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LAS VEGAS, Nev. — In an industry disrupted by technology and TNCs, the true hope for success lies in closer client connections made possible by constantly improving service, applying new technologies, and making the most of social media and websites, two State of the Industry speakers told attendees Feb. 29.
The first speaker, LCT Publisher and Show Chair Sara Eastwood-Richardson, noted all the changes in the last decade, except one. “We’ve been in a paradigm shift ever since resurging from the Great Recession,” Sara said.
“Our service models have changed. Our client books have changed. Our operating systems have changed. Our fleet vehicles have changed. Our competitive landscape has changed. As I step back and look at what we were all about 10 years ago, I ask, ‘What hasn’t changed?’ I’ll tell you: I’m looking around the room and I’m seeing you are still here, and new operators keeping coming. That has not changed.”
Sara’s presentation outlined a slew of hopeful statistics, as well as a few highlights here:
- The industry’s primary source of revenue is the business travel sector, with 80% of the business travel spend consisting of airport runs. More airline passengers are expected over the next two decades. The International Air Transport Association released a 20-year passenger growth forecast which predicts a 4% average annual growth in air travel demand. By 2034, total passengers are expected to reach 7.3 billion.
- Looking at global trends, the Global Business Travel Association’s annual forecast predicts global business travel spending will hit a record $1.25 trillion in 2015. While final numbers are still being calculated, that represents 6.5% growth compared to 2014. Growth will remain strong through 2019, with business travel projected to grow 6.9% in 2016, 6% in 2017, 6.4% in 2018, and 5.8% in 2019.
Sara also summed up other trends and important industry concerns:
- The spread of apps and proprietary apps for use by affiliates is causing confusion among operators on what to use.
- Insurance costs are rising, but more importantly, the non-renewal rate has soared with many operators finding their carriers no longer insuring party buses. Major players such as Zurich have paid out so many catastrophic claims from party bus injuries they have grown shy of the risk.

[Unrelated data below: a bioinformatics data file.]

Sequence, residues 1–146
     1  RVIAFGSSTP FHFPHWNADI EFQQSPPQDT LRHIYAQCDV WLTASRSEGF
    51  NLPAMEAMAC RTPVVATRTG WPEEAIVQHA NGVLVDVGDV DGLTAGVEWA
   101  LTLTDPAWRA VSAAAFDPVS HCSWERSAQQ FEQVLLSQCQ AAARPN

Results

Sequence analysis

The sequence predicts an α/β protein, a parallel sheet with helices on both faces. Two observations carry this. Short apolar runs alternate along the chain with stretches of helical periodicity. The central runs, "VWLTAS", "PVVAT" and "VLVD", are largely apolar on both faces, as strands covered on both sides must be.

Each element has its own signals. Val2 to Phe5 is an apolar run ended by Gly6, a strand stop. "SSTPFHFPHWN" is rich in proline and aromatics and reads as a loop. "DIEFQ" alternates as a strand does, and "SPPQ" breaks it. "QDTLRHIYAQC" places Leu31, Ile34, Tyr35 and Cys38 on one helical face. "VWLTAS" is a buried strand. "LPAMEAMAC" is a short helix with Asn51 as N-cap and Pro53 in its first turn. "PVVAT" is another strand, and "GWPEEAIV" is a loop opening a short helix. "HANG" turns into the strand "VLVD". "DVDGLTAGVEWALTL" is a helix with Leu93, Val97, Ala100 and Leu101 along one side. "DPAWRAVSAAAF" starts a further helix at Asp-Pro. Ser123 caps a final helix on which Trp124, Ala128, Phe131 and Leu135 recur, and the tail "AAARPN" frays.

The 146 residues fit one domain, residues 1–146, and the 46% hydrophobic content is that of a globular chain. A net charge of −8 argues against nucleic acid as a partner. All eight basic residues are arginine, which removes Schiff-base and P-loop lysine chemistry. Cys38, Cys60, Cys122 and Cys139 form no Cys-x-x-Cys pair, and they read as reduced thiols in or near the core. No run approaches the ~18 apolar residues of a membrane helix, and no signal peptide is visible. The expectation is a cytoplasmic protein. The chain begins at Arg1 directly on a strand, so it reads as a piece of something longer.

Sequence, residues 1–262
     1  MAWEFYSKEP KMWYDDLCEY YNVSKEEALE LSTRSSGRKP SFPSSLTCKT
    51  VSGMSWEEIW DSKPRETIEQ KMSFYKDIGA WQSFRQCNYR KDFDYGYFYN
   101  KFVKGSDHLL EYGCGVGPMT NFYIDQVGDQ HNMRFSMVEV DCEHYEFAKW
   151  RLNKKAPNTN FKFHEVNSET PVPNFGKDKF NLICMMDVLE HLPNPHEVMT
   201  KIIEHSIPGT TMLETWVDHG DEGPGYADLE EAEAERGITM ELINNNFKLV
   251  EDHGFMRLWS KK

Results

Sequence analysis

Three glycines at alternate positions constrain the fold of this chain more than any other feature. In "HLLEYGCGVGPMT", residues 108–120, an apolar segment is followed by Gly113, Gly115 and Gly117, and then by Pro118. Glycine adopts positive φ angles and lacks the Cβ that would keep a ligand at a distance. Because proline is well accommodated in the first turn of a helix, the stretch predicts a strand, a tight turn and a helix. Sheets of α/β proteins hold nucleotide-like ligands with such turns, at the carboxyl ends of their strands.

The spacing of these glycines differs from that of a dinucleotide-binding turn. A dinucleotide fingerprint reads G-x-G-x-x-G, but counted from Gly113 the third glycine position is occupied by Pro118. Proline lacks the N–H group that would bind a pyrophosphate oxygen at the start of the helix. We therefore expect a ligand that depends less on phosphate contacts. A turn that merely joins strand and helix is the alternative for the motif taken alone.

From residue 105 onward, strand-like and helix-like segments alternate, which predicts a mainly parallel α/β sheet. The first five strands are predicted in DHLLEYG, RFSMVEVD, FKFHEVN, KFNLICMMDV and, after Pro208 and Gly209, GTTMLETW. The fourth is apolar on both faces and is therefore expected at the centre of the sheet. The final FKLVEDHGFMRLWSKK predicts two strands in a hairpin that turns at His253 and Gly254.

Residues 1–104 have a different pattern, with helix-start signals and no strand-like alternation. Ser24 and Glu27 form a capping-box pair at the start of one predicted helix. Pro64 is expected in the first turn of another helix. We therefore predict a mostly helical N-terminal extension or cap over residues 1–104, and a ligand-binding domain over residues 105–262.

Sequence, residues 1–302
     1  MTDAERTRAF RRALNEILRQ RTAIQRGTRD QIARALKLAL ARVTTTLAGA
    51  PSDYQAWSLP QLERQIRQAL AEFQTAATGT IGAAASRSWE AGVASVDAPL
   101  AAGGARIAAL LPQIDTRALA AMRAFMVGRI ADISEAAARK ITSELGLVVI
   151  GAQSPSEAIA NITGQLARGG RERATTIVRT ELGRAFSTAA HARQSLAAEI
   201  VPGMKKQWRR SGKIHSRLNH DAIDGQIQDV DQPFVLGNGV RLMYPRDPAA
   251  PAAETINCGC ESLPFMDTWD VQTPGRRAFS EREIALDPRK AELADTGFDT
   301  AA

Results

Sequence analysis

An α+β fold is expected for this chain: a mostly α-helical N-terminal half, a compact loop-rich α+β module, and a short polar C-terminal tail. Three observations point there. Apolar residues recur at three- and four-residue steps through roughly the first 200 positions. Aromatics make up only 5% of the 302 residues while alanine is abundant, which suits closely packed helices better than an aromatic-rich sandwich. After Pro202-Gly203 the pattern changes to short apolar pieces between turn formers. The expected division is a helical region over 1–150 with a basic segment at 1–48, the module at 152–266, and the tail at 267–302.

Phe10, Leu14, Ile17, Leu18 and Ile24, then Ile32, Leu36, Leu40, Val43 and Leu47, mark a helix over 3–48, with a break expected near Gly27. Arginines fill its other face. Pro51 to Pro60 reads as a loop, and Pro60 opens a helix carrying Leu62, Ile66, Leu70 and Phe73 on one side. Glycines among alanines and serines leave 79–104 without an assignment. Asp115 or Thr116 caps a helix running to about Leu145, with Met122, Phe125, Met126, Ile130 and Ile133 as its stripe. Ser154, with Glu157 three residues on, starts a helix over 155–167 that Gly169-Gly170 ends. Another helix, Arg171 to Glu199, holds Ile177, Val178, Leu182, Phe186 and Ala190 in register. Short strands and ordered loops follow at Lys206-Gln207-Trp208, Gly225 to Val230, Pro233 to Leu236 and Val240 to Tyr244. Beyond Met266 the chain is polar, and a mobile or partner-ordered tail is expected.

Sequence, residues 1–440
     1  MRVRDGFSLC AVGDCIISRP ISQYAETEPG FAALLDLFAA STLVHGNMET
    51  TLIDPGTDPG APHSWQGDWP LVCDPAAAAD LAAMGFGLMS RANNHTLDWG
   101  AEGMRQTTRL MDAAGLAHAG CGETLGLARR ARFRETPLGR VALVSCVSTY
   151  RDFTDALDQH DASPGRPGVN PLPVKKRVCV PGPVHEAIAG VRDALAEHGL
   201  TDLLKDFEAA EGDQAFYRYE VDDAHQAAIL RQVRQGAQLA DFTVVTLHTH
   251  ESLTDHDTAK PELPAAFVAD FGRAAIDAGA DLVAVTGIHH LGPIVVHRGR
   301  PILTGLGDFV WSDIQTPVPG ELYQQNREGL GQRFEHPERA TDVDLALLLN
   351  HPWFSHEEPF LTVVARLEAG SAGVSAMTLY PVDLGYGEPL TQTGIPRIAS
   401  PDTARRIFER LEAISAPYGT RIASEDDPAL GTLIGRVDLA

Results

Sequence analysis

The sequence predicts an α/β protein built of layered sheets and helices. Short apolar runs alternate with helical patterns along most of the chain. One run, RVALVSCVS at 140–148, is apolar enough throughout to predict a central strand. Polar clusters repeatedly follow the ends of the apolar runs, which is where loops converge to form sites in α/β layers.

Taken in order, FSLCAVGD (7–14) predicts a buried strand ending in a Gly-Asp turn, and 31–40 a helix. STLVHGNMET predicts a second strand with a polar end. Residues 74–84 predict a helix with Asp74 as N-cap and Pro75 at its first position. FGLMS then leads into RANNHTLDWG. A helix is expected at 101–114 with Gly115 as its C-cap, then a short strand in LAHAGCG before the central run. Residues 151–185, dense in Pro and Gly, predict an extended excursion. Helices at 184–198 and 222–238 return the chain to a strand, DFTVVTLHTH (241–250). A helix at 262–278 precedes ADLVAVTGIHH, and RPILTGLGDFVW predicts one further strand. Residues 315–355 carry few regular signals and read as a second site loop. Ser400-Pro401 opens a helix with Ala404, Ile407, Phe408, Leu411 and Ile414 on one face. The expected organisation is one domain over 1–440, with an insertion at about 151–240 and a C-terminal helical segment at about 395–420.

- Thanks to the onslaught of Uber driver disasters, passenger security is now top of mind. If you have not invested in a driver background check program at your company, you should make that a priority now.
- Many operators are transitioning from sedans in favor of SUVs that can function as either and have extra cargo space and seating.
- Vans such as Sprinters continue to eclipse the stretch as the way for groups of eight to 10 to travel in luxury.
- Videos have increased in popularity in websites and social media. Those not using video will be left behind.
No State of the Industry would be complete unless addressing the No. 1 issue of the last several years. As Sara put it, “As for Uber? As the Arabian Proverb states, ‘Arrogance diminishes wisdom.’ Arrogance is a formula for leadership failure. The history books are filled with fallen companies run amok by arrogant leadership. While Travis Kalanik is eying a future using autonomous vehicles, he still has to survive the road to getting there. That road is filled with speed bumps.”
Sara cited the challenges of Uber’s background checks for drivers being under serious scrutiny; the growing number of people who don’t feel safe using Uber; expanded laws and law enforcement stopping or slowing Uber; Uber’s crazy methods of playing with you, such as adding $1 to the fare to ensure Uber places you with a “safe” driver; and lawsuits.
“Not only is there a pending class action against Uber for their ‘independent’ status, but Uber is being sued everywhere by victims of driver crimes, for misleading clients about its safety procedures, for failing to submit mileage tracking technology for review, and for drop-offs and pick-ups at airports without airport approval.”